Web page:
[CTRL] Back again

2001-06-08 Thread Schmidt

-Caveat Lector-

I am back again. I have a new email address (as you will notice) as the old one has 
ceased to operate.

My website http://leviathan.weblogs.com is still updated daily, and should have 
something of interest to researchers.

I have also discovered that history is a lie. No idea if this has been posted, but I 
haven't seen the list for a couple of weeks.


By Timothy Taylor/Photographs by Mark Gilbert

You might think it's the year 2000, but a group of prominent Russian mathematicians is 
arguing that history is all wrong, and it's actually 936AD. They've set off a battle 
that's now come to Canada, and it's getting nasty

The man in the tweed jacket sitting ahead of me is growing visibly agitated. We're at 
a mathematics conference at the University of Alberta just before the end of the 
school year, and things have been predictably calm so far. But twice in the past 
minute what's coming from the front of the room has made my tweedy neighbour twist 
angrily in his seat.

Our speaker is Gleb Nosovskii, a mathematics professor from Moscow State University, a 
man with a long black beard and dark eyes who is deeply serious about the matter at 
hand. This is only appropriate, because his presentation is nothing short of a 
mathematical case against history as we know it.

Nosovskii and his Russian colleagues, led by the famous Moscow State geometrician 
Anatoly Fomen-ko, believe that our global chronology is profoundly flawed. They 
argue that the conventional sequencing of historical events in the Mediterranean and 
in Europe from 3000 BC to 1600 AD - a chronology they say was formalized in the 
sixteenth and seventeenth centuries by the scientists Josephus Scaliger and Dionysius 
Petavius, and has never been fundamentally challenged since - is shot through with 
inexplicable duplications. These duplications, Nosovskii maintains, are revealed 
through mathematical-pattern analysis.

In essence, it works like this: if you take the number of years ruled by each king in 
a succession of fifteen kings, you get a series of fifteen numbers that's called a 
dynastic function. Now, if you compare one dynastic function from the biblical 
kingdom of Judea to a dynastic function derived from a series of fifth-century popes, 
you might be surprised to find these functions looking exactly the same.

Your surprise would be justified, because there is an infinitesimally small 
statistical chance that two different series of fifteen rulers from completely 
different parts of the global chronology will randomly be born, crowned, and die in 
precisely the same pattern.

According to Nosovskii, however, there are several dozen examples of such duplication 
through the ages, right up until reliable historical documentation begins, some time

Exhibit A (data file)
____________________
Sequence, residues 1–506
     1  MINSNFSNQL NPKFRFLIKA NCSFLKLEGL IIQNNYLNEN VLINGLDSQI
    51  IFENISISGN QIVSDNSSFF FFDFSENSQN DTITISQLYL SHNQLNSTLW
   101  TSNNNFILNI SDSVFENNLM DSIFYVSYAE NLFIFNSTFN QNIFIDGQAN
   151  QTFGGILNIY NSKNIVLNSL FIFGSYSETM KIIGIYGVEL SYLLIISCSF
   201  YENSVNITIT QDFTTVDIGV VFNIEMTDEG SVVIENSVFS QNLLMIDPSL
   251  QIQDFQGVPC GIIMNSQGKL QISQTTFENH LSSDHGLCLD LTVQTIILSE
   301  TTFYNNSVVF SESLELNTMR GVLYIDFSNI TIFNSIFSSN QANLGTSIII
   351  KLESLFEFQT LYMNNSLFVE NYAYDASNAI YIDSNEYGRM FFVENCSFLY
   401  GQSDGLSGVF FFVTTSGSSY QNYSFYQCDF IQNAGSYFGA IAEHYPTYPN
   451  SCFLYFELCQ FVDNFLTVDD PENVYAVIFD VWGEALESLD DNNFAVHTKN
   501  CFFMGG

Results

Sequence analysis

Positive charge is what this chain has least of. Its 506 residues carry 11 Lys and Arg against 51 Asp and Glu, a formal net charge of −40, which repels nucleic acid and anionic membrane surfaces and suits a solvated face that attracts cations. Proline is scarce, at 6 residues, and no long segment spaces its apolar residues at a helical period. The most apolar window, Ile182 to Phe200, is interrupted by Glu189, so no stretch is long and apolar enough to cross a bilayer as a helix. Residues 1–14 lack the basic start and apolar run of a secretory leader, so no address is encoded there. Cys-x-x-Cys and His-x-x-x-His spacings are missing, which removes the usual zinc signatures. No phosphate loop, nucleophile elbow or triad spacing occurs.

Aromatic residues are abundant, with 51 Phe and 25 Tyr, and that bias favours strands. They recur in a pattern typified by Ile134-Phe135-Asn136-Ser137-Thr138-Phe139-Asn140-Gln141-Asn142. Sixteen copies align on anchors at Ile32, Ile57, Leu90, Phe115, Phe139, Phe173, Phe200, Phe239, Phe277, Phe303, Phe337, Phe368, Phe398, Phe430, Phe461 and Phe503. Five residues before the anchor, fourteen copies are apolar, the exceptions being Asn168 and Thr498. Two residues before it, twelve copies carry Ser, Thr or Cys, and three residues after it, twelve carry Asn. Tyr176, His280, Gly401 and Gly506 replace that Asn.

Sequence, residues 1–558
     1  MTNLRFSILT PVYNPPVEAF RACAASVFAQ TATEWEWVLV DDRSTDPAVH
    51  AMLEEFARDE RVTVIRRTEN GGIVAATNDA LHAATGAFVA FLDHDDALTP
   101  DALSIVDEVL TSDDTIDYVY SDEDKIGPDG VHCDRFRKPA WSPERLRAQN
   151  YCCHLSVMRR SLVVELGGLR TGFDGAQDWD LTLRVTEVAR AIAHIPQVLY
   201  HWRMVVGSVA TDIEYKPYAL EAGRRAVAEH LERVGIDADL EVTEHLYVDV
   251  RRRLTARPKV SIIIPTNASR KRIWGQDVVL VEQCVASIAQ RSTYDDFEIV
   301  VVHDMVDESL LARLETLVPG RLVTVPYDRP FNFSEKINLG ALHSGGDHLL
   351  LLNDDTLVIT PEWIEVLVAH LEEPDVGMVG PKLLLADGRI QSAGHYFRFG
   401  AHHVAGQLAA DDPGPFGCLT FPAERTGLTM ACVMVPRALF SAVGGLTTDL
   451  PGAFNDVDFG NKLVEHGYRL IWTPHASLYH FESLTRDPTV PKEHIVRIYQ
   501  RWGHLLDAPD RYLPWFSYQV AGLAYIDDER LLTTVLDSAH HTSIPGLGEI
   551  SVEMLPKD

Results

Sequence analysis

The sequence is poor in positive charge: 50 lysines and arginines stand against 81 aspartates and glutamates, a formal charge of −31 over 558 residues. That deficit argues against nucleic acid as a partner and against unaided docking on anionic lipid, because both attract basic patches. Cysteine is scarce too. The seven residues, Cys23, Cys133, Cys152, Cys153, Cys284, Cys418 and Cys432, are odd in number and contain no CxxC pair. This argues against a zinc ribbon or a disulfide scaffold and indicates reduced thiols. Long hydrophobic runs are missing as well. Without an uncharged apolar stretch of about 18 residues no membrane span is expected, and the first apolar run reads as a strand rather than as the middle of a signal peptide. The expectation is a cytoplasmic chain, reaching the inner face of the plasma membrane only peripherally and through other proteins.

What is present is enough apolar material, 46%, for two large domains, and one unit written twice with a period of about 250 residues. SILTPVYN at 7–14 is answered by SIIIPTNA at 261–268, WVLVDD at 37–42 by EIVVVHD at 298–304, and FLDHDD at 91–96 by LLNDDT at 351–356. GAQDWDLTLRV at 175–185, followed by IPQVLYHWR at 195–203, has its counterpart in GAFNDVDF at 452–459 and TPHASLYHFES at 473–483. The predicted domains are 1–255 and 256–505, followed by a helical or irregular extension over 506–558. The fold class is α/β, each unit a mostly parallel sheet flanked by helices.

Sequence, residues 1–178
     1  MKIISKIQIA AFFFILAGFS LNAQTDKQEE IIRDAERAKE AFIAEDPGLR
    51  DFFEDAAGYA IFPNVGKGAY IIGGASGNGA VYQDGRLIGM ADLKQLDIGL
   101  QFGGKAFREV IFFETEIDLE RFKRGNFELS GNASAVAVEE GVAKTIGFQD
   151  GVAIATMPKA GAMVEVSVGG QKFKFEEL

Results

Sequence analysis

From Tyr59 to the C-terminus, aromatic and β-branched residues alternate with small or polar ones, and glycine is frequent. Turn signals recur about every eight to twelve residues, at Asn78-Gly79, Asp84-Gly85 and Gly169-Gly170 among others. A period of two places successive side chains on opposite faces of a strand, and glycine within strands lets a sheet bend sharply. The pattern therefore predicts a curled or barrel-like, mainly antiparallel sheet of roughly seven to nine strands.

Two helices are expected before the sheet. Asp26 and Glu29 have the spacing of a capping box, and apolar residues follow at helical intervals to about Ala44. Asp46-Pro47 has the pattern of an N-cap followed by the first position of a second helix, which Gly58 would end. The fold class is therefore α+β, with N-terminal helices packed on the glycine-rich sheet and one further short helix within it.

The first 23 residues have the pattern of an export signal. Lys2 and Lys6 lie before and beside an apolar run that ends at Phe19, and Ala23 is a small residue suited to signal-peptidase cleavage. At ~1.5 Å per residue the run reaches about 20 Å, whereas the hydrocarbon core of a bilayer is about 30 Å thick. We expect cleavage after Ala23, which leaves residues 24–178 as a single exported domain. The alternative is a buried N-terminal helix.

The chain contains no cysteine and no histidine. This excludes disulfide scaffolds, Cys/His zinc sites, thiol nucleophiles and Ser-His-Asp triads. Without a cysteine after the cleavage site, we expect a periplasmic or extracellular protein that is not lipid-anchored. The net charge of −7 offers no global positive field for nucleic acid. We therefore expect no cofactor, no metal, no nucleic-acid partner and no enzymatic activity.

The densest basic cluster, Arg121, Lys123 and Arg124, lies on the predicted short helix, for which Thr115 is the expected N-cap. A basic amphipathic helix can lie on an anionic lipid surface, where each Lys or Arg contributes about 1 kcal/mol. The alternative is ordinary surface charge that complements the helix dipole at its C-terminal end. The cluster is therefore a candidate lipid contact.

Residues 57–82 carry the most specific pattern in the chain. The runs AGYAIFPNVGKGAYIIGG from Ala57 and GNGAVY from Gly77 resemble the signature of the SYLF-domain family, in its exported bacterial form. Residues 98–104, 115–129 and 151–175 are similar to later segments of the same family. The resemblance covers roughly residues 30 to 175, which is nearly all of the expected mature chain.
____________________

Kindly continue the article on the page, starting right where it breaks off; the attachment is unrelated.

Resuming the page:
around the sixteenth century. At that point the duplications abruptly stop.

This is so statistically improbable, Nosovskii argues, that one must conclude there 
are serious errors in Scaliger and Petavius's chronology. Specifically, Nosovskii says 
their version of history, drawn from accounts in different languages and from 
different oral traditions, is greatly elongated. To explain the incredible statistical 
anomalies, the Russian mathematicians are suggesting that early Renaissance historians 
made mistakes. Some errors might have been honest (such as treating two accounts of 
the same event as two distinct events) and others could have been intentional (whereby 
historians, at the behest of their benefactors, might have altered history in their 
favour). The effect of all this, Nosovskii, Fomenko, et al. believe, is that phantom 
epochs were added to the global chronology. If they're right, the sweep of human 
history is overstated by thousands of years and a great number of ancient events 
happened much more recently than previously thought.

Here at the U of A conference, Nosovskii has spent the past hour using astronomical 
data to bolster this case. He has redated half a dozen ancient eclipses centuries 
later than conventionally understood; he has shown us depictions of planets and 
constellations taken from Egyptian tombs and temples, and has resolved their dates 
into the medieval era; now, he is approaching the summit of his argument with a 
reworking of the astronomical data surrounding the first Noël. And what new date for 
the birth of Christ will we obtain if we use modern astronomy as our tool? asks 
Nosovskii as he prepares his final slide.

The overhead projector hums. The students, professors, and a few curious members of 
the public wait as the next transparency slides into place. The man who has invited 
Nosovskii here today, Professor Wieslaw Krawcewicz of the University of Alberta's 
Department of Mathematical Sciences, is in the front row, craning his neck around, 
gauging the reaction of the audience. Nosovskii's new date for the birth of Christ 
fills the screen. The man in tweed in front of me 

[CTRL] Back Again

2000-08-14 Thread Johannes Schmidt III

Well my crummy email desubscribed me again so I have resubscribed through the good 
offices of the Weekly World News free email service.

Hopefully this will be the last you will hear about it.

Thanks to everyone who offered me assistance with this problem.

A HREF="http://www.ctrl.org/"www.ctrl.org/A
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